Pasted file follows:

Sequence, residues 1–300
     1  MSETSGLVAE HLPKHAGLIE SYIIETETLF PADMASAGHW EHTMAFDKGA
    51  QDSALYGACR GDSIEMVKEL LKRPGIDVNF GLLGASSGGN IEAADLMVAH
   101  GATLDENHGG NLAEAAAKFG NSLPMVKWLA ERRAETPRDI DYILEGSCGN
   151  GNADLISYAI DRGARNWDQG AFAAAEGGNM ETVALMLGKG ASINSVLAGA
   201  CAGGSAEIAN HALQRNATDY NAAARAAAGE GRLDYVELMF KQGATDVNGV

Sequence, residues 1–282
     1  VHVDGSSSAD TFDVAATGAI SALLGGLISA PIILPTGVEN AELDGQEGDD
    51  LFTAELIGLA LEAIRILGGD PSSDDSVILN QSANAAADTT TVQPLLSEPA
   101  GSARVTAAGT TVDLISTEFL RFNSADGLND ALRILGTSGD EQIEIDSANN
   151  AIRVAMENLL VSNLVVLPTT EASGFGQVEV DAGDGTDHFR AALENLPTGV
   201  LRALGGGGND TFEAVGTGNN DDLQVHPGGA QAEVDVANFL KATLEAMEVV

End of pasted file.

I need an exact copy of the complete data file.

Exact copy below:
Sequence, residues 1–300
     1  MSETSGLVAE HLPKHAGLIE SYIIETETLF PADMASAGHW EHTMAFDKGA
    51  QDSALYGACR GDSIEMVKEL LKRPGIDVNF GLLGASSGGN IEAADLMVAH
   101  GATLDENHGG NLAEAAAKFG NSLPMVKWLA ERRAETPRDI DYILEGSCGN
   151  GNADLISYAI DRGARNWDQG AFAAAEGGNM ETVALMLGKG ASINSVLAGA
   201  CAGGSAEIAN HALQRNATDY NAAARAAAGE GRLDYVELMF KQGATDVNGV

Sequence, residues 1–282
     1  VHVDGSSSAD TFDVAATGAI SALLGGLISA PIILPTGVEN AELDGQEGDD
    51  LFTAELIGLA LEAIRILGGD PSSDDSVILN QSANAAADTT TVQPLLSEPA
   101  GSARVTAAGT TVDLISTEFL RFNSADGLND ALRILGTSGD EQIEIDSANN
   151  AIRVAMENLL VSNLVVLPTT EASGFGQVEV DAGDGTDHFR AALENLPTGV
   201  LRALGGGGND TFEAVGTGNN DDLQVHPGGA QAEVDVANFL KATLEAMEVV